Why isn't ArrayList marked [Obsolete]?

After a deep thought and looking into the implementation of ArrayList, personally I really want to say It's obsolete, I have no reason to use this class after 2.0. But since it's not marked as [Obsolete], is there any usage that I didn't know, better than using a generic class? If yes, please give an example. Thanks.

EDIT Let's take List<T> as an example, it provides all functions of ArrayList, and it's strongly-typed. So when do we need to use ArrayList? Maybe sometimes it has a better performance? I don't know. I appreciate if you can show me something special of ArrayList.


I think it should be considered effectively obsolete for new code, but there's no compelling reason to mark it obsolete and create warnings in all code which was written before 2.0 was released.

In my experience, most of the types and members which have been marked obsolete by Microsoft are actively dangerous in some respect, and should really be fixed if you still have a codebase using them. While using ArrayList is painful and (at least theoretically) prone to discovering type-related bugs at execution time rather than compile time, the type does its job well enough... often there's really no compelling reason to change existing code. It's the kind of change I'd generally consider when I already happened to be working on an area of code which was using ArrayList, rather than actively seeking out every usage of it.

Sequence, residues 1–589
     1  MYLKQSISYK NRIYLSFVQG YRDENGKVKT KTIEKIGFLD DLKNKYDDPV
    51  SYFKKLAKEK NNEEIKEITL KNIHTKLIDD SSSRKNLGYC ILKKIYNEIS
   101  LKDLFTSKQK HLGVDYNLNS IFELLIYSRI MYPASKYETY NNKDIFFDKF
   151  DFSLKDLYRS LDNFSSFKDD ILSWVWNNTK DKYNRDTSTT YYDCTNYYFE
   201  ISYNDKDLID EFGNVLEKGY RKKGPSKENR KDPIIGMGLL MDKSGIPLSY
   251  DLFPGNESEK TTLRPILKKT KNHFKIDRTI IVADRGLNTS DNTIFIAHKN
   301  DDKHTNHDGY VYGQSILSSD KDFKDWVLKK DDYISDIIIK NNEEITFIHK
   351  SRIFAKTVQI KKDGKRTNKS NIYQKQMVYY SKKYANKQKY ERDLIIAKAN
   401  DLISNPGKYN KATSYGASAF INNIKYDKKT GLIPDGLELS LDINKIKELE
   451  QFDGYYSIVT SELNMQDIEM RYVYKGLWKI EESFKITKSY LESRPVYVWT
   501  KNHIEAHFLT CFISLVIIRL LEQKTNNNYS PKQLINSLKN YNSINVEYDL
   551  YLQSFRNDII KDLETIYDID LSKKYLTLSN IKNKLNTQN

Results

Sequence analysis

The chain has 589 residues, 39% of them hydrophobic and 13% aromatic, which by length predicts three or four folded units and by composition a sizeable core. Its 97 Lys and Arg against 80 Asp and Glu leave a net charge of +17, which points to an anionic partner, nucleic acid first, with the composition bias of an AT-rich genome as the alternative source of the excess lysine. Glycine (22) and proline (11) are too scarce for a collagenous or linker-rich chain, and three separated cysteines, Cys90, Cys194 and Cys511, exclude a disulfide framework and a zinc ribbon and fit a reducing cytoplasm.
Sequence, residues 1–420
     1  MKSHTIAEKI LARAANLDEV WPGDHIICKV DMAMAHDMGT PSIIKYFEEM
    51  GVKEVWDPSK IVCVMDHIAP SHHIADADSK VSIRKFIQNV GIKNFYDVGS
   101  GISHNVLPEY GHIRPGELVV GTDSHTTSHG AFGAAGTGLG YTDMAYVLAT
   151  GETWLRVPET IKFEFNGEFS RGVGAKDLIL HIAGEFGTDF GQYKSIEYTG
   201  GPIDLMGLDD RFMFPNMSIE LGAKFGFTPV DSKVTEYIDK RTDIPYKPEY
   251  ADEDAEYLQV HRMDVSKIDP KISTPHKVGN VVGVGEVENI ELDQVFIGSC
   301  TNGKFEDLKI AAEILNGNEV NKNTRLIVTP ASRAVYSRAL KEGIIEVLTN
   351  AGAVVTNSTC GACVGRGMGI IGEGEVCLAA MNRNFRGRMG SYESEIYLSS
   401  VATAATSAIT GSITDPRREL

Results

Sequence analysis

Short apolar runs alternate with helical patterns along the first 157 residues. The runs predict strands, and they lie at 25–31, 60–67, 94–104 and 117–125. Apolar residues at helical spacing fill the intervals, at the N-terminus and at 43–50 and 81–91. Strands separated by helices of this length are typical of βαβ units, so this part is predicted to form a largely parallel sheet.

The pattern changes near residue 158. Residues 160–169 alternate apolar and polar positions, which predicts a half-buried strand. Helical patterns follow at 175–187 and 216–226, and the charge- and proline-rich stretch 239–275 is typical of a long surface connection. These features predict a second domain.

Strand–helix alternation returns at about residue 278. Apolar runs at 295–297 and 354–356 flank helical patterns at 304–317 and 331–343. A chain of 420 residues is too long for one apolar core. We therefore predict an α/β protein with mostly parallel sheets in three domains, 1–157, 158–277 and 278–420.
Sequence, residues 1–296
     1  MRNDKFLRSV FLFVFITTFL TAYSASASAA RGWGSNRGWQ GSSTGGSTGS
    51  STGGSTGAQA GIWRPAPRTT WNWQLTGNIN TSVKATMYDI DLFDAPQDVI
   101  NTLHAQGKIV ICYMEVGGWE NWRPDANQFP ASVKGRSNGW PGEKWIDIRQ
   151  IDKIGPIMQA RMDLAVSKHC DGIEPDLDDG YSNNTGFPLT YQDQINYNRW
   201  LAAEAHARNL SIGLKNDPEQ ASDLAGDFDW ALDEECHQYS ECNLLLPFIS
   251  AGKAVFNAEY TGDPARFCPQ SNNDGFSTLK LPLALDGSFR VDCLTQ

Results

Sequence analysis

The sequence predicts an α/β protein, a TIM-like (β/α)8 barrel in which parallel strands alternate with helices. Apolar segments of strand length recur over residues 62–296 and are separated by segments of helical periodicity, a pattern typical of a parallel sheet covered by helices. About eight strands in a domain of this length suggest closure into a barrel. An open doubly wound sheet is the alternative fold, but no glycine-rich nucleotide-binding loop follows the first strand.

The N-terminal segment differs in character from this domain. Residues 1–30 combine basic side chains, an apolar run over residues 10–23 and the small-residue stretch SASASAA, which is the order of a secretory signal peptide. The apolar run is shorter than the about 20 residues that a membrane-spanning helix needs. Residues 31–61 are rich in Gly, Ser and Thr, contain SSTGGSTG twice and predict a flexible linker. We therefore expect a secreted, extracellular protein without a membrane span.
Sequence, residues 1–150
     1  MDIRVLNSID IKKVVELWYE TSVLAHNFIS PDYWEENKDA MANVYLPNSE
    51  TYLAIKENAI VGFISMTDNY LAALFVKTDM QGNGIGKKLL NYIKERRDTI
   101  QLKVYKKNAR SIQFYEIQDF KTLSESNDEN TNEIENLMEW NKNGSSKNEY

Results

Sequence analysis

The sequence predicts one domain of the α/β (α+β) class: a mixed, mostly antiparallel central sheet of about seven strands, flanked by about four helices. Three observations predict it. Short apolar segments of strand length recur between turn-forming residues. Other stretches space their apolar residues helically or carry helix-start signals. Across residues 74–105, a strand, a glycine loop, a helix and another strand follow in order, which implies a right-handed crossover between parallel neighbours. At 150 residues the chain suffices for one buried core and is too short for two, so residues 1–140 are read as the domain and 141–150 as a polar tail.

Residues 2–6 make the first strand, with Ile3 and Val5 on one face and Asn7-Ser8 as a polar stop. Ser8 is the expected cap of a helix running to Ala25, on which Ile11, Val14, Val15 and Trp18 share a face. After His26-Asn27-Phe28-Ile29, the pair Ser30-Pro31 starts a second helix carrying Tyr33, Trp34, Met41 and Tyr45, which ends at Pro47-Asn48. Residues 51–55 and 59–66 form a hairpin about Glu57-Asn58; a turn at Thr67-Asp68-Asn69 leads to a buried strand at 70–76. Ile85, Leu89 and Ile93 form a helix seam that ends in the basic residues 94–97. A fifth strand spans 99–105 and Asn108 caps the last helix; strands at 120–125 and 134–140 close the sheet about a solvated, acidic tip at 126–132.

Actually it is completely removed from Silverlight - so the intention is there. Presumably there is simply too much old existing code for regular .NET that uses ArrayList to obsolete it, especially since a lot of people run with warnings-as-errors.

You shouldn't use it in new code without good reason.

It isn't "obsolete" per se. It's "obsolete" as a '70 '80 early '90 car. If I had to choose between a List<Object> and an ArrayList there is a VERY VERY SMALL possibility I would use an ArrayList... Forget it... It doesn't implement IEnumerable<Object>, so to use Linq I would have to use a OfType<Object>().

To make an example:

var aaa = new ArrayList();
var aaaa = aaa.OfType<object>().Where(p => p != null);

var bbb = new List<object>;
var bbbb = bbb.Where(p => p != null);

Someone finally upvoted my response, so I'll add something to it :-)

Had you asked "would you use any non-generic collection" my response would have been different. The Hashtable has an interesting property:

Hashtable is thread safe for use by multiple reader threads and a single writing thread. It is thread safe for multi-thread use when only one of the threads perform write (update) operations, which allows for lock-free reads provided that the writers are serialized to the Hashtable.

So there are places where an Hashtable should be better than a lock + Dictionary or a ConcurrentDictionary (but you would have to benchmark it)

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